Trust in the LordIt becomes difficult and a bit frustrating when sincere prayer
about something that is our heart's desire is not answered the way we want. It becomes a source of feeling dejected and rejected
when the Lord says no to that which would have provided us much fulfillment. Whether it be hurdling a sickness
or loneliness, coping with a handicap, or seeking to augment life for a dear one whose life is ebbing , it seems so natural
and logical to expect a positive response. It becomes a difficult exercise to understand and accept this seemingly harsh reality
especially when one obediently walks along the righteous path.
For sure, we always wish to shy away from disappointments, sadness, and heartache. Those who deliberately go against
God's laws will always face these challenges. But sometimes, the other reason for adversity is to accomplish the Lord’s
own purposes in our life. Just like gold is tested by fire we may need to receive the refinement that comes from testing.
If one is suffering the disheartening effects of transgression, our teachings tell us that the only way to healing and
being restored to and with God is through deep and sincere conversion---repentance and faith. But how about the challenges
and tests thrown our way by a wise God Who feels some disturbing, pruning and refining are necessary even if we have been
obedient, submissive to His will?
In the old expression that "when it rains, it pours" comes our way, we end up questioning, bewildered, and some
even enter a negative state of rejecting God altogether. When those trials are not consequences of disobedience, could it
be that the Lord feels we are prepared to grow more? He, therefore, provides experiences that test the limits of our endurance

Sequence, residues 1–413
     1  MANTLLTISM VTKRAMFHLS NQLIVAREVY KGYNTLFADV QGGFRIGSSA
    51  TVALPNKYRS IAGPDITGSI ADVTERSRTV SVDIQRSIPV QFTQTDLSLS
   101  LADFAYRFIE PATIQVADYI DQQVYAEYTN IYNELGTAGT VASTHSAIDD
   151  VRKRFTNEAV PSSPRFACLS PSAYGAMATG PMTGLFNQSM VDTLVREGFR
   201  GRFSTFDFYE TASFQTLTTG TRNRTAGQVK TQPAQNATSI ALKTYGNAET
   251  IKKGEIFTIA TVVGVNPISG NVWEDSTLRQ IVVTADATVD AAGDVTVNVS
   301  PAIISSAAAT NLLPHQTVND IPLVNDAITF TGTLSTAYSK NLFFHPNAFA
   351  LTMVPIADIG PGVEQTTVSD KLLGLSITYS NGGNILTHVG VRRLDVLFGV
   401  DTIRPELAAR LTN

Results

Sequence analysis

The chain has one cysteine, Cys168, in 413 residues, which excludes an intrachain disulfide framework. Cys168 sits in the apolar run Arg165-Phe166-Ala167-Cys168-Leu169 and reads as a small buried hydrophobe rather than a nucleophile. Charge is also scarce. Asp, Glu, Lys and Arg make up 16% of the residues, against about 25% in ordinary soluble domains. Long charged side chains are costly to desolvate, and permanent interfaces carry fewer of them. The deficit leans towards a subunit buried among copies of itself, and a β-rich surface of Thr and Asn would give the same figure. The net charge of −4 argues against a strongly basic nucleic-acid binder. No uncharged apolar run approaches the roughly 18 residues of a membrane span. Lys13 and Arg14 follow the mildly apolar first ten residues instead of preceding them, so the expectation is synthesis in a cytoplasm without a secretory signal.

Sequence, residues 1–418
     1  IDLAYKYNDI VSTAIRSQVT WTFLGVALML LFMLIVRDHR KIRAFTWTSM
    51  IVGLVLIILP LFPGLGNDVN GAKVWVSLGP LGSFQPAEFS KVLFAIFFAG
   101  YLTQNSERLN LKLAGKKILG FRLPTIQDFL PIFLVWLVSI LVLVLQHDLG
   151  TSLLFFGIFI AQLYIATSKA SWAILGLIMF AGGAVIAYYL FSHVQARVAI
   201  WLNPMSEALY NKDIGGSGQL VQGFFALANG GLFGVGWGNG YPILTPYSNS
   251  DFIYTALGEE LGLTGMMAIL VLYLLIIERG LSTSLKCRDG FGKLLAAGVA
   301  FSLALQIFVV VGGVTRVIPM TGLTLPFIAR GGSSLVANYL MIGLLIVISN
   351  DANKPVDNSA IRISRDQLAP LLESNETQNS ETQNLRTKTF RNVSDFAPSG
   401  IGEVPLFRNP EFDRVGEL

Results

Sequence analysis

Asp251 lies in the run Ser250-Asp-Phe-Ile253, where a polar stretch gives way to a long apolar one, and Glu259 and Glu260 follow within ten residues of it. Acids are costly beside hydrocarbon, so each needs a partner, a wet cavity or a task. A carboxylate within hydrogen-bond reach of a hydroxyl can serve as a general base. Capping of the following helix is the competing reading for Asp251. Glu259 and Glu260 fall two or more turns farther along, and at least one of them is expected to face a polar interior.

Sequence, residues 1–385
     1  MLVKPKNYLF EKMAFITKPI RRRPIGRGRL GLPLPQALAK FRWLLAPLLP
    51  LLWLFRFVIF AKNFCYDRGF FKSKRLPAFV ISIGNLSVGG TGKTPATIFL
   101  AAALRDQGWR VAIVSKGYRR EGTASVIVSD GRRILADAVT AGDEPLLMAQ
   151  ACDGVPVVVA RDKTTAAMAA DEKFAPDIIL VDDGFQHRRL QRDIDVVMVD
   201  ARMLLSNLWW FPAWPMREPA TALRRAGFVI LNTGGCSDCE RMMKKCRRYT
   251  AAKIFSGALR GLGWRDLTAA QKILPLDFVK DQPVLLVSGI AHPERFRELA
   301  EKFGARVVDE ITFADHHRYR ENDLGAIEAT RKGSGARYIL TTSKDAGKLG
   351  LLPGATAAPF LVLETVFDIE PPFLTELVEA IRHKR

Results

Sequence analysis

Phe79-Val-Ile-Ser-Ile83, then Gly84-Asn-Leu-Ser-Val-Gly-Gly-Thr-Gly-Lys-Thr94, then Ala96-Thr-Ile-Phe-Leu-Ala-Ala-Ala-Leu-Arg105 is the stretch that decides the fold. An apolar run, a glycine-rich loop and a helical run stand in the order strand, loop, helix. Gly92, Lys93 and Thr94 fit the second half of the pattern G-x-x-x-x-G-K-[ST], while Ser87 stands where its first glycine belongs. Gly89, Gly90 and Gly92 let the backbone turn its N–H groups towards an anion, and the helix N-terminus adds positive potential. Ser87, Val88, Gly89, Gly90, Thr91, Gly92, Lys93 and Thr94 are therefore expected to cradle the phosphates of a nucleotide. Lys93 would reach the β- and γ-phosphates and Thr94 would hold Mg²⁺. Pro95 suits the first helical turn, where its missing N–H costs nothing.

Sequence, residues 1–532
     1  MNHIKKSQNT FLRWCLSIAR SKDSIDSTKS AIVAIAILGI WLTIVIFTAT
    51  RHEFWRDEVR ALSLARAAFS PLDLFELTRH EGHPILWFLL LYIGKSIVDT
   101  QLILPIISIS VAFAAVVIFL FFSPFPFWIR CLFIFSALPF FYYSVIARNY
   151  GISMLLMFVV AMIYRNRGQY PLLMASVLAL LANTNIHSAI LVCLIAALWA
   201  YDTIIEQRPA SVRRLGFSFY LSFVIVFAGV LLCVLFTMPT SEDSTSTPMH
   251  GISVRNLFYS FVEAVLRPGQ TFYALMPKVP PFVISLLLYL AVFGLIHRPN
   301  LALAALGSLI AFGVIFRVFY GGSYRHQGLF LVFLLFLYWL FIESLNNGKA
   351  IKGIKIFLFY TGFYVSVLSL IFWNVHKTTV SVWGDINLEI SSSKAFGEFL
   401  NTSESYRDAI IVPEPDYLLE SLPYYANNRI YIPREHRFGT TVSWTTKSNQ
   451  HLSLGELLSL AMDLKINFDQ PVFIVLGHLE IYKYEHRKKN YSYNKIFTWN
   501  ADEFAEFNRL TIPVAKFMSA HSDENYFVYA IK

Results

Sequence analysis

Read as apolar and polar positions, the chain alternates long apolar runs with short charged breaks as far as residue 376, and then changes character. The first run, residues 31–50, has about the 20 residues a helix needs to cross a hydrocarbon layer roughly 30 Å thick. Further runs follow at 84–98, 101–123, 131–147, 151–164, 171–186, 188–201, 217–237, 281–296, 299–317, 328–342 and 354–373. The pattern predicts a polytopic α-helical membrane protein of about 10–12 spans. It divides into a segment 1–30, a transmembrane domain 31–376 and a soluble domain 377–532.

and patience, and to an extent, test our faith so we can learn to trust. Some serve a useful purpose; others do not. To ask: 'Why
does this have to happen to me? Why do I have to suffer this, now? What have I done to cause this? Haven't I've been faithful
in serving you?' Our natural instincts tell us to question why. But just like there are 2 ways of looking at a glass,
either half full or half empty, perhaps one can ask instead: 'What am I to do? What am I to learn from this experience?
What am I to change? Whom am I to help? How can I remember my many blessings in times of trial?' Sublimation and denial
of deeply held personal desires in favor of the will of God is very hard to do. Yet, when one prays with real conviction, “Please
let me know Thy will” and “May Thy will be done,” we may yet be in the strongest position to
receive the maximum help from a loving Father.
This life is a whole experiment in profound 'trust trust' in Jesus Christ,
trust in His teachings, trust in our capacity as led by the Holy Spirit to obey those teachings for happiness now and for
a purposeful, supremely happy eternal existence. To trust means to obey willingly without knowing the end from the beginning
. To produce fruit, trust in the Lord must be more powerful and enduring than confidence in our own personal feelings and